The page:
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Japanese Milk Bread

2 1½-pound loaves

4 hours 50 minutes active, plus cooling

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Japanese milk bread is a fluffy, slightly sweet, fine-textured loaf. It stays moister and softer longer than standard sandwich bread thanks to the Asian technique of mixing tangzhong into the dough. Tangzhong is a mixture of flour and liquid cooked to a gel; it’s often referred to as a roux, though it does not contain any butter or oil and serves a different purpose than a classic roux. The gelatinized starch in tangzhong can hold onto more water than uncooked flour, thereby offering several benefits. The dough is easy to handle despite the high hydration level; the loaf attains a high rise and a light, airy crumb; and the baked bread keeps well. Sonoko Sakai, author of “Japanese Home Cooking,” makes her milk bread with a small amount of non-wheat flour combined with bread flour. When adapting her formula, we opted to use rye flour for its nutty flavor. This recipe makes two loaves, so you will need two 8½-by-4½-inch loaf pans; metal works better than glass for heat conduction and browning. The baked and cooled bread keeps well at room temperature in an airtight container or plastic bag for several days (it can be stored in the refrigerator for slightly longer but would then be best rewarmed or toasted). Or the bread can be frozen, unsliced and wrapped in plastic then foil, for up to one month.


1½-pound loaves


Don’t be tempted to add more flour to the dough as it is kneaded. The dough will be sticky and gluey, but after rising, it will be workable. When shaping the dough, use minimal flour so the dough remains as moist as possible. Lastly, when inverting the loaves out of the pan and turning them upright to cool, handle them gently as they are delicate and easily separate at the seam.

4 hours

50 minutes active, plus cooling

For the roux:

  • ½

    cup water


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William I.
February 28, 2024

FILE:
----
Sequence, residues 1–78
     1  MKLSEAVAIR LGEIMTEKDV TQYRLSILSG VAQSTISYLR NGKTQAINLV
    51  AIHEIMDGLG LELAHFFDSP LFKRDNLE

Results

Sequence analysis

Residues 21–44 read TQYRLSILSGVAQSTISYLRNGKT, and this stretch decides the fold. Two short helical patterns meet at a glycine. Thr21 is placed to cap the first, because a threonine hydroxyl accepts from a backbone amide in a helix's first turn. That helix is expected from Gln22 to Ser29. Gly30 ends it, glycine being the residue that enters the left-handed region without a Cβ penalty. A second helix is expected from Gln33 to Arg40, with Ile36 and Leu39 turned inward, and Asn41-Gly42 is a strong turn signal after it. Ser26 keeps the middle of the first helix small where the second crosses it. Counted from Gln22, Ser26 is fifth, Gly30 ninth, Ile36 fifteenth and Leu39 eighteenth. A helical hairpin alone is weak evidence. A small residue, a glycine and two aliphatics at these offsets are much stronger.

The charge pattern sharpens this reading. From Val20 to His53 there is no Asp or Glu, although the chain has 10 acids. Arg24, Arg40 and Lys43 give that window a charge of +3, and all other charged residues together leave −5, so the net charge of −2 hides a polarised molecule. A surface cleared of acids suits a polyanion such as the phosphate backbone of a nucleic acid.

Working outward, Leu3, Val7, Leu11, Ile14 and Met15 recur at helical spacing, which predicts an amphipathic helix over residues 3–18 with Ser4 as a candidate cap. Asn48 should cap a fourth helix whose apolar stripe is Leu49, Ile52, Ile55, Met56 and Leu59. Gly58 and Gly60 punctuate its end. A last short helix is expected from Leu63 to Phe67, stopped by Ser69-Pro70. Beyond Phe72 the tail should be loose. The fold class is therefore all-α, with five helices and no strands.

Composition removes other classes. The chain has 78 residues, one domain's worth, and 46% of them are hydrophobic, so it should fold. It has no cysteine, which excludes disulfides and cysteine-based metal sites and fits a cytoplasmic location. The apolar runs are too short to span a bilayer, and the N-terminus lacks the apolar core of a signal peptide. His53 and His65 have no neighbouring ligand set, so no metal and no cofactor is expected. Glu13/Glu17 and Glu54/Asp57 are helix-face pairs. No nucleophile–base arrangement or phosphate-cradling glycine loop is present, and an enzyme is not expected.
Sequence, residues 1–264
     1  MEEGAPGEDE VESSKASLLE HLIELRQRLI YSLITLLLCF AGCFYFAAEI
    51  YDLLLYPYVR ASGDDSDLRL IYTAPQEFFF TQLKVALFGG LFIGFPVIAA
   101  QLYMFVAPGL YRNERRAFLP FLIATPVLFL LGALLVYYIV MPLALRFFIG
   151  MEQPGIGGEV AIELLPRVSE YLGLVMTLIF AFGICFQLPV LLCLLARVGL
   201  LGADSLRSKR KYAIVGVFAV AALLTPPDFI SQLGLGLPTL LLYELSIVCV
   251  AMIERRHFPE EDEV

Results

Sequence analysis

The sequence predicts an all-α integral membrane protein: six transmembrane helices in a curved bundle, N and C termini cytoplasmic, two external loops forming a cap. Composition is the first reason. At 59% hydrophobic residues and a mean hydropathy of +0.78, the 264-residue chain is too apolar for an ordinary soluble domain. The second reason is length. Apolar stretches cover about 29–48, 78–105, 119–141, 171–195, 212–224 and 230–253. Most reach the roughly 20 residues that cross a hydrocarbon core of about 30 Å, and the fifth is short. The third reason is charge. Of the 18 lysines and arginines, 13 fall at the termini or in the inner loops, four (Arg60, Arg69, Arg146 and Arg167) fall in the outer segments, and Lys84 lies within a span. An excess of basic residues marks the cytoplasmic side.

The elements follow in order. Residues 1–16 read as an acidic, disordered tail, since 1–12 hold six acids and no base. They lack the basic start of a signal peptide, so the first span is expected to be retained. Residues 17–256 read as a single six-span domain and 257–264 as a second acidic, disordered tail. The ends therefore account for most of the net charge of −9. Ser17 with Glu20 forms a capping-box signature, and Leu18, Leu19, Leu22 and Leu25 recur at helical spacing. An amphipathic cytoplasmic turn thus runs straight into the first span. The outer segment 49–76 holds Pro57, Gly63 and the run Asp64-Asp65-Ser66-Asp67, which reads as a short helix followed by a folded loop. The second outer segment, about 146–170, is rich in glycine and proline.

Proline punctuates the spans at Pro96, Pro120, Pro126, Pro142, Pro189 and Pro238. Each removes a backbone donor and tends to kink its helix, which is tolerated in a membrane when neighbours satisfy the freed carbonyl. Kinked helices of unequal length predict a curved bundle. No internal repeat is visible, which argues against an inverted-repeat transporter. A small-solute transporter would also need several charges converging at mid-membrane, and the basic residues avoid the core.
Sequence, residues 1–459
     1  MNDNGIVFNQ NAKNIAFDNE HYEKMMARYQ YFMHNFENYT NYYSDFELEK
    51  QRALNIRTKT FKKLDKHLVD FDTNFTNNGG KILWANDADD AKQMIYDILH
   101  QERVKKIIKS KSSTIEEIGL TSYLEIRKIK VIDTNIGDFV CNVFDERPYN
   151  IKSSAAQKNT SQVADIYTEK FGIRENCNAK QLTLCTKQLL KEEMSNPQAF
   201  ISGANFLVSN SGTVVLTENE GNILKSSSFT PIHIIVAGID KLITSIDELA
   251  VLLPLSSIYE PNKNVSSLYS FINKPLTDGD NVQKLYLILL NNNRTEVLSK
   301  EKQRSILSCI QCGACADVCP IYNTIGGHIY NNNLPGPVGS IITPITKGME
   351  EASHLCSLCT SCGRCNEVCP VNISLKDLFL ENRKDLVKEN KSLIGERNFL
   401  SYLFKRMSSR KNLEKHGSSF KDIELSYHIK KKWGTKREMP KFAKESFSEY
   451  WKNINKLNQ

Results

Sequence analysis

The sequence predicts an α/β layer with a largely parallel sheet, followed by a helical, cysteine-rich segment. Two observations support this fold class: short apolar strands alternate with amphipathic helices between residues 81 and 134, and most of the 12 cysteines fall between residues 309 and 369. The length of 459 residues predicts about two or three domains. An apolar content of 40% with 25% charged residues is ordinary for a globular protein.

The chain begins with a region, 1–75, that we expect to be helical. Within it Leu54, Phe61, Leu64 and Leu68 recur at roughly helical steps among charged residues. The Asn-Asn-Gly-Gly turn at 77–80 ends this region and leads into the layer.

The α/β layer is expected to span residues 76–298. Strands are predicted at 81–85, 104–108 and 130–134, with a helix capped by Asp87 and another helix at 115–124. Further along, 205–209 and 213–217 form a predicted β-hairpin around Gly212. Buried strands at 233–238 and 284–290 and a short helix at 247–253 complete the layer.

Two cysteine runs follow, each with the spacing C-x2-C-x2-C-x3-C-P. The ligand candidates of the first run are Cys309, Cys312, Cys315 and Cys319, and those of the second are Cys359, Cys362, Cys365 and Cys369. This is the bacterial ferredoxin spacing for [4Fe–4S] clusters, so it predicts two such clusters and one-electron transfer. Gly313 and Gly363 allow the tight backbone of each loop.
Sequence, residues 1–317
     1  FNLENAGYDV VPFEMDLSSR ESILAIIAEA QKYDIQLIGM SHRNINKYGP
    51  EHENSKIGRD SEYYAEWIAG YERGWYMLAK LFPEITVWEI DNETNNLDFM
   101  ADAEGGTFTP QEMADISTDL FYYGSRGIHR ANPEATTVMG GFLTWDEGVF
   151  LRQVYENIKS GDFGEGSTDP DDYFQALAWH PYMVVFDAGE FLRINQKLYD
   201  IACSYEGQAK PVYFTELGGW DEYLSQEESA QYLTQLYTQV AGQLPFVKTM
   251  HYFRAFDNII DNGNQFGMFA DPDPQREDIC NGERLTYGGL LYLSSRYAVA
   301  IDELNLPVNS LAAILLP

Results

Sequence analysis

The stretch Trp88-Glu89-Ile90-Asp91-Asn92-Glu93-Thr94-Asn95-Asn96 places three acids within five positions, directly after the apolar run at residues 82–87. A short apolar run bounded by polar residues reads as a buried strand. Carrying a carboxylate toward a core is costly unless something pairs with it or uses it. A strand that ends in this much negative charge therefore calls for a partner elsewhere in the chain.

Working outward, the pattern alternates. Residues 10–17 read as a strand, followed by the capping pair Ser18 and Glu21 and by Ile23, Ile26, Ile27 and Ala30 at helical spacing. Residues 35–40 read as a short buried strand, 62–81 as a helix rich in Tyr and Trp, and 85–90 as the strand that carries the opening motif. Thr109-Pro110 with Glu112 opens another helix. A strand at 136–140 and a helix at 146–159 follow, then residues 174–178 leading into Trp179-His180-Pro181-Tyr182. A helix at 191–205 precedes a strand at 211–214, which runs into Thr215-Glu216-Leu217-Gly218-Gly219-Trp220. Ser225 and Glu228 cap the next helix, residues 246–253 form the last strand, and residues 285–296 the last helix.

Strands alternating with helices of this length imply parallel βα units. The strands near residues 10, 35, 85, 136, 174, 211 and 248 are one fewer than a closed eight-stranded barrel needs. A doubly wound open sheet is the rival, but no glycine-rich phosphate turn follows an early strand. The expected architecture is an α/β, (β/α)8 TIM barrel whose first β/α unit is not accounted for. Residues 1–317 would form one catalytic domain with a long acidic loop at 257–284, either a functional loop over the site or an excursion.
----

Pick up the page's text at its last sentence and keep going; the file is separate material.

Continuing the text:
Good Recipe!
Durum flour (I used Central Milling Extra Fancy Durum Flour) in place of ordinary bread flour works quite well in this recipe. The loaves come out looking like yellow cake, but the taste is nearly the same as using bread flour, perhaps a little sweeter.
Julie T.
February 13, 2024
Without dry milk powder
I made this bread the other day and realized after it had been raising for awhile that I forgot to add the milk powder. It didn't seem to matter. Loaves turned out beautifully well; light, airy, and moist. I went ahead and made the recipe the next day and added the milk powder, the flavor was mildly better. So, if you want to make this bread and don't have the milk powder, you can still get the wonderful results this recipe provides.
Susan P.
August 1, 2023
Excellent Sandwich Bread
I love this recipe and make it weekly for my grandson's lunch. I have compared it to other recipes including the Korean bread but this is my favorite. It makes 2 loaves which is an extra bonus! The instructions are easy to follow, and the bread can be made in one day.
Debra V.
April 24, 2023
Excellent Bread
This is the best bread recipe I’ve ever tried! The bread was tender, not crumbly and sweet in taste. Hands down a good eating and sandwich bread.
Kevin B.
November 13, 2022
Milk powder alternative
Milk powder is proving hard to find. Can I replace it with instant dry milk?
Jason F.

If I don’t have milk powder, is it better to substitute 27g of something else (more flour, for example), or just leave it out entirely?

Lynn C.

Hi Jason -

Neither is a great option, unfortunately. Removing it entirely will throw off the dry to wet ratio of the ingredients. Adding 27 grams more flour which, unlike milk powder, develops gluten could alter the texture of the bread. If we had to choose we would probably add more flour, but we can't say for sure how that might impact the final texture since we haven't tested it.

The Milk Street Team

Alex Z.

I've been making Shokupan (Japanese Milk Bread) for years, since I had it in Tokyo.... remarkable bread. This recipe seems pretty close to what I've used and other than mixing in the eggs to the tangzhong, seems very traditional. The article mentions the lack of butter in the original recipe, but yours has it included (as does mine). Is that really the only change?

Lynn C.

Hi Alex -